I graduated college a year and a half ago, and a lot has changed
I traded a college town for New York City, a class schedule for a job, single life for a new relationship, a dorm room for an apartment, and rule-following for complete independence. When so many tangible factors in a person’s life change, it follows that the person herself would change as well. And so I have. In separating my college self from “real” life, I’ve grown up. However, while I feel more secure, more confident and much more independent than I did in college, I have been on my own for so short a time that my world sometimes feels precariously balanced, and I, vulnerable.
I have therefore found that the stress of living in the “real world” manifests itself not as I create my own real world, but as I learn to let others into it.
Starting a new job is easy; feeling the pressure to justify why your job is a good career move is the hard part. Getting a paycheck is fun; dodging questions from some random acquaintance about how much money you make is awkward. Going out at night in a new city is a wonderful declaration of independence; running into people you knew a long time ago can make you feel very young, and very small.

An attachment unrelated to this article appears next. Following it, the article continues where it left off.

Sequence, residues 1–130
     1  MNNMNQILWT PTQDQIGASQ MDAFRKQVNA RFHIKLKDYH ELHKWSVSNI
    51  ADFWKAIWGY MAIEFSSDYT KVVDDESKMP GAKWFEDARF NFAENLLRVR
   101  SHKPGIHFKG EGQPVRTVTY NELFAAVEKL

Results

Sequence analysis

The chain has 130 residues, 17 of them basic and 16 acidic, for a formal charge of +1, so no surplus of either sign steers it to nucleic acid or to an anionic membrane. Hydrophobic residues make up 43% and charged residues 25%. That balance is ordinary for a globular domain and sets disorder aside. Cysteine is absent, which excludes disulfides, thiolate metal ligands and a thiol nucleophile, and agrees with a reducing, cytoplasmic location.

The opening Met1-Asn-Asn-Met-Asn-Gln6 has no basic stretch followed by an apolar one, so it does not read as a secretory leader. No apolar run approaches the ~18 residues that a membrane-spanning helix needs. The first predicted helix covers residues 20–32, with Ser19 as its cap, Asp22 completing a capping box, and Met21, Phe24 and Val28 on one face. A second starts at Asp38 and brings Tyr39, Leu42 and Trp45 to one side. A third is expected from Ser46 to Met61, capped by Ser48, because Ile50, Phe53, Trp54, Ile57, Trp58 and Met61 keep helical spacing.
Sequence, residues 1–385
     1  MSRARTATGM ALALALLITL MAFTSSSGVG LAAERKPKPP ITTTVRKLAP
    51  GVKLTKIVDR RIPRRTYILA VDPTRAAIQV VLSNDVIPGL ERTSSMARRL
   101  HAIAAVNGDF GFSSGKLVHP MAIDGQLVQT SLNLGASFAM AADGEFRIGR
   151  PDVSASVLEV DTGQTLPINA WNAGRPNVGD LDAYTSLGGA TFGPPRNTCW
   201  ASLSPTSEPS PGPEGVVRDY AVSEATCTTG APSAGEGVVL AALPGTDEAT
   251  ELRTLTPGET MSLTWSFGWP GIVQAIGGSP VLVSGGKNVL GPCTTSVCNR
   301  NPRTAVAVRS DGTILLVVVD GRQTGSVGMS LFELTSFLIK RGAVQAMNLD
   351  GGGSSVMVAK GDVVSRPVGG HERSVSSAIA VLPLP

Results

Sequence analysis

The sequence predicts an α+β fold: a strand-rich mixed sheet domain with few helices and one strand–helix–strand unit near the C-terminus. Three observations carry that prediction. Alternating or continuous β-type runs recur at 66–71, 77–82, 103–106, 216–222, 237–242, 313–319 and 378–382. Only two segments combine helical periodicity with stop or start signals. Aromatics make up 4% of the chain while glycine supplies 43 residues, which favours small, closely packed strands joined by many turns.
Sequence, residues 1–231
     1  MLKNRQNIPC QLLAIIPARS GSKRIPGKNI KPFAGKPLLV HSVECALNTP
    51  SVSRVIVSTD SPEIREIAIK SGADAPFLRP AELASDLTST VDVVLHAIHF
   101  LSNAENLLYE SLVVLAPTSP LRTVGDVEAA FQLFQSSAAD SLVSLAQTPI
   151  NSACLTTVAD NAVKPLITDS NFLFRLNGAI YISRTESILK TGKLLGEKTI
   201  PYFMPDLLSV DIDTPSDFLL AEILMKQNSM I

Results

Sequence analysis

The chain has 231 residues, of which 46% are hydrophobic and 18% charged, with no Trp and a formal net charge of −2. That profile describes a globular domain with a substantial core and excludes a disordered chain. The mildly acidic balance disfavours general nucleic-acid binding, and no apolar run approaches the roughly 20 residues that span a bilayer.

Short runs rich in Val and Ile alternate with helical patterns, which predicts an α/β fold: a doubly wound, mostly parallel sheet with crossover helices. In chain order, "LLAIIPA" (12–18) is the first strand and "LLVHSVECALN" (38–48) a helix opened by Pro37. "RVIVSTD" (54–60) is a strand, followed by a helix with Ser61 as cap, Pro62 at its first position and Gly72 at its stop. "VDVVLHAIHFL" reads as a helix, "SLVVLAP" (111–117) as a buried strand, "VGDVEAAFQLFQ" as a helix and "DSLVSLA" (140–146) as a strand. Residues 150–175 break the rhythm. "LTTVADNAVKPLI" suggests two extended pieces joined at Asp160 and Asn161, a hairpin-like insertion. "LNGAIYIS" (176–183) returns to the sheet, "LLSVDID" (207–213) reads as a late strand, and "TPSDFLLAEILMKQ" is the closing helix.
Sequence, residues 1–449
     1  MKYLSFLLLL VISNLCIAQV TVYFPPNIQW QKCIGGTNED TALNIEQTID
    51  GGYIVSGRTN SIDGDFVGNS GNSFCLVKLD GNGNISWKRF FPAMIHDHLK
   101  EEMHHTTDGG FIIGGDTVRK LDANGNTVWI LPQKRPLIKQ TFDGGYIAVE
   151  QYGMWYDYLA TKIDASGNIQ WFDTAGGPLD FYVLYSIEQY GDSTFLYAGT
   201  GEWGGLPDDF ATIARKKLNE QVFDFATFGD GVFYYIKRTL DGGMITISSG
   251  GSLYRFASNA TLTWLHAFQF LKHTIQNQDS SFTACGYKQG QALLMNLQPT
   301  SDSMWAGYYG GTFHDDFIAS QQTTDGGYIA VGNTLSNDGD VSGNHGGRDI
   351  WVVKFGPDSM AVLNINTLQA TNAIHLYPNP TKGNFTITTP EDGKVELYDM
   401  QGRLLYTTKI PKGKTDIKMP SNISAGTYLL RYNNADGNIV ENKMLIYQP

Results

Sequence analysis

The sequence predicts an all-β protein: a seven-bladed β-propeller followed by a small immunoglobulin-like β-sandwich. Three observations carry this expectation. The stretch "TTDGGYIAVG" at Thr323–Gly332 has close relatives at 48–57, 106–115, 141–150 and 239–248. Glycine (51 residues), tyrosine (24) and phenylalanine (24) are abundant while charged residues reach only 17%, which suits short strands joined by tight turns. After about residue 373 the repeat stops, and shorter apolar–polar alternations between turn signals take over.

Last Saturday I found myself stuck in a conversation (interrogation, really) about old college drama.
Instead of reacting, I tried to channel all of my thoughts and emotions into remaining calm and polite, and in appearing neutral towards topics that still upset me. I totally shot myself in the foot; by the time I extracted myself from the conversation, I was feeling not only hurt by the words of the boy with whom I had been talking, but also incredibly frustrated with myself for bottling up my emotions and not sticking up for myself.
I ended up spending the rest of the night in tears, trying to figure out why I had been so incapable of bringing any sense of self-confidence to this inappropriate conversation. I woke up on Sunday feeling exhausted – and just plain mad at myself for letting a conversation with this acquaintance trigger such an emotional reaction. I hated that he had been able to so deeply affect and upset me, and wondered if being left so upset after this run-in indicated that the years since college hadn’t made me stronger or confident at all.
In the end, the moral of this story is not about controlling emotions, or even about properly timing the freak-outs that post-college life will invariably bring.
Instead, the moral is that it just may be okay if your world isn’t totally perfect, or if you, in your world, aren’t perfect; in fact, imperfection seems to be part of what makes this crazy “real world” feel real. Even though we have graduated college and no longer see the same set group of people every Saturday night, we all still place our opinions, thoughts, and even judgments on each other. And because we sometimes do feel so young and vulnerable, one negatively charged encounter can leave us feeling ready to just break in half. But I guess it’s hard to put yourself back together until you let yourself break.